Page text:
Education

Michigan Education Department Begs Former Teachers To Return To The Classroom

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Kendall Tietz Education Reporter
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Michigan is writing letters to former teachers encouraging them to come back to the classroom amid a nationwide teacher shortage.

The state’s Department of Education is asking those with teaching certificates to complete a survey if they are “interested in being contacted by school districts to consider vacancies,” according to one letter.

The letter, signed by State Superintendent Michael F. Rice, said that the shortage is nationwide, not just in Michigan.

The letter also includes a Malala Yousafzai quote, “one child, one teacher, one book, one pen can change the world.”

There are currently more than 185,000 people with a valid teaching license, but just over 86,000 are currently employed in a teaching position, according to a data report from the Michigan Department of Education. Additionally, 52% of those who have a teaching certificate are age 65 or older but aren’t employed in a teaching position.

State Rep. Matt Koleszar of Michigan told ABC 7 that he spent more than 12 years teaching and is now “fighting for the profession.”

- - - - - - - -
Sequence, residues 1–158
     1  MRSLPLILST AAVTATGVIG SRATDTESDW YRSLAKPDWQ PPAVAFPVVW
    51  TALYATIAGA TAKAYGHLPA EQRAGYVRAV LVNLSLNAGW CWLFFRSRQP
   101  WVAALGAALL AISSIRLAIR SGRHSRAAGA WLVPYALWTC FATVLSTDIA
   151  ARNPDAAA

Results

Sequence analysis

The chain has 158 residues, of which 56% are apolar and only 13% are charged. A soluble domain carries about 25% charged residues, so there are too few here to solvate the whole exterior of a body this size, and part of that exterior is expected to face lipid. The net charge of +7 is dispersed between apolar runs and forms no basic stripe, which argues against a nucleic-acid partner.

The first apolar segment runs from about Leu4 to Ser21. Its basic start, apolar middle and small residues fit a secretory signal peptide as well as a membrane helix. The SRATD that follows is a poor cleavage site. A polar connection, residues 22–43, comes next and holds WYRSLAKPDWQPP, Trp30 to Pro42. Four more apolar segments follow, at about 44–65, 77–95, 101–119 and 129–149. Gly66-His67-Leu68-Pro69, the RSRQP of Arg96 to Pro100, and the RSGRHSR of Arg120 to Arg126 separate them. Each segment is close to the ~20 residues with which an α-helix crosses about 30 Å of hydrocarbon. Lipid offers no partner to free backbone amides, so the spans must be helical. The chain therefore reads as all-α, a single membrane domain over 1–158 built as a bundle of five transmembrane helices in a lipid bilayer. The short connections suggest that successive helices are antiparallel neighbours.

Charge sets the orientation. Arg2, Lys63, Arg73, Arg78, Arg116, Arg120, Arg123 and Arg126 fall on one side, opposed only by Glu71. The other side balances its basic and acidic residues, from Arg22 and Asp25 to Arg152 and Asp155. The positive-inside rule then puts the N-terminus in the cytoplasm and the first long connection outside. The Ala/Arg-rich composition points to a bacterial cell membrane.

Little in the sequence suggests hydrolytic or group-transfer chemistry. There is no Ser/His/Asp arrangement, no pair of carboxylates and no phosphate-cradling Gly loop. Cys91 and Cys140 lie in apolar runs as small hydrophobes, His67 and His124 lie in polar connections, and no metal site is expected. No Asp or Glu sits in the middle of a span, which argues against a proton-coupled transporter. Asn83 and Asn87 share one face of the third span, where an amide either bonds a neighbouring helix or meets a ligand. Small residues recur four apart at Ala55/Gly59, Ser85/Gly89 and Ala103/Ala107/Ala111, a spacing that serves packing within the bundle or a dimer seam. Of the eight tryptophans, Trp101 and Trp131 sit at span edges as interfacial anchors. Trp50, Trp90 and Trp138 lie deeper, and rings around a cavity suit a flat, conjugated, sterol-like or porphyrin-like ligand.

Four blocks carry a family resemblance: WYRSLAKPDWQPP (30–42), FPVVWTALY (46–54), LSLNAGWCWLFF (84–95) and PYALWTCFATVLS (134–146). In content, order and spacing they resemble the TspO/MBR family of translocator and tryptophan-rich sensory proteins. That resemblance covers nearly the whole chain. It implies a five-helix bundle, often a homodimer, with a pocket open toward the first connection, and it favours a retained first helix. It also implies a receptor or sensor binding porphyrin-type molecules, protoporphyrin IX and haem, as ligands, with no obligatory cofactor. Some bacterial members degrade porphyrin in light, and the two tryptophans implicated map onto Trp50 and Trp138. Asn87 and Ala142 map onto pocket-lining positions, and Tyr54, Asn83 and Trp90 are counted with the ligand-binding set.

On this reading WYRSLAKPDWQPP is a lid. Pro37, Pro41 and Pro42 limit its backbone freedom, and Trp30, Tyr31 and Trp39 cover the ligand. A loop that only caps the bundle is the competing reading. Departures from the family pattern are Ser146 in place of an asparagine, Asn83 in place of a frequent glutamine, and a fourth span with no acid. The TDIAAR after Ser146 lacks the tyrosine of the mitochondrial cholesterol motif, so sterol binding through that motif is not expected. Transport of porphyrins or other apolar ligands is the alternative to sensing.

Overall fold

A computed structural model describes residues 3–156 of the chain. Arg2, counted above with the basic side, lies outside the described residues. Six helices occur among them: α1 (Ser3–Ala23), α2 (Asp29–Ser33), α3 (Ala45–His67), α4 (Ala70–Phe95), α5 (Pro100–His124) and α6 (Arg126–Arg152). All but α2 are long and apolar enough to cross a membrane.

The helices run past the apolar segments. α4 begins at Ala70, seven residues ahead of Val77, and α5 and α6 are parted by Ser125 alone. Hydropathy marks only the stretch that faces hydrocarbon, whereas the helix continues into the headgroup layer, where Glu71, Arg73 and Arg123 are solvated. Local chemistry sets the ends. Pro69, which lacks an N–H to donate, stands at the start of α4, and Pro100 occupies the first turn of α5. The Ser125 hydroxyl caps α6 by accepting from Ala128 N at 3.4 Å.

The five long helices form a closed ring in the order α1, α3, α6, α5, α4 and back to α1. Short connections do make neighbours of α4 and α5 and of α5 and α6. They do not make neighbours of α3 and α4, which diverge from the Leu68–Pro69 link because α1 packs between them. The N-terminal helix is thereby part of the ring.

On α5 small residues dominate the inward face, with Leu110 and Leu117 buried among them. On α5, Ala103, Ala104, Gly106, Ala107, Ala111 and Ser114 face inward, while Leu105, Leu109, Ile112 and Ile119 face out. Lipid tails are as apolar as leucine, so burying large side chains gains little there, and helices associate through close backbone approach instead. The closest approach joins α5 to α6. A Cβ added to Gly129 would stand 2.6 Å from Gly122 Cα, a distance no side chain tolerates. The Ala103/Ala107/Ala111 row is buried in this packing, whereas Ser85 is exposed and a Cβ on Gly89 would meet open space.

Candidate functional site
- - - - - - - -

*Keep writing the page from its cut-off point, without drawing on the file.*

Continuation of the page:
“It is such a rewarding profession but unfortunately outside forces have done a lot to make this profession less desirable for young people to go into,” Koleszar said.

He is working on legislation that would give tuition assistance to individuals who get teaching certificates.

The Detroit Federation of Teachers (DFT) said it is grateful for retirees who have returned to the profession.

“We would be in dire straits without our retirees,” DFT Executive Vice President Lakia Wilson told ABC 7. “What is conflicting is the fact that our legislators have stripped many benefits from the profession of education: pension, seniority, payroll deducted union dues and subjective evaluations.” (RELATED: EXCLUSIVE: ‘Just Unconscionable’: Parents Protest Outside The Justice Department Against ‘Domestic Terrorist’ Label)

“When the state issues a clarion call to retirees to return to work, this brings attention to what we as a state need to do to address challenges in education,” Wilson added. “Our classroom and school shortages have been exacerbated by the Covid-19 pandemic. We need help! Yes, we are grateful that retirees are willing to sacrifice to bridge the gap!”

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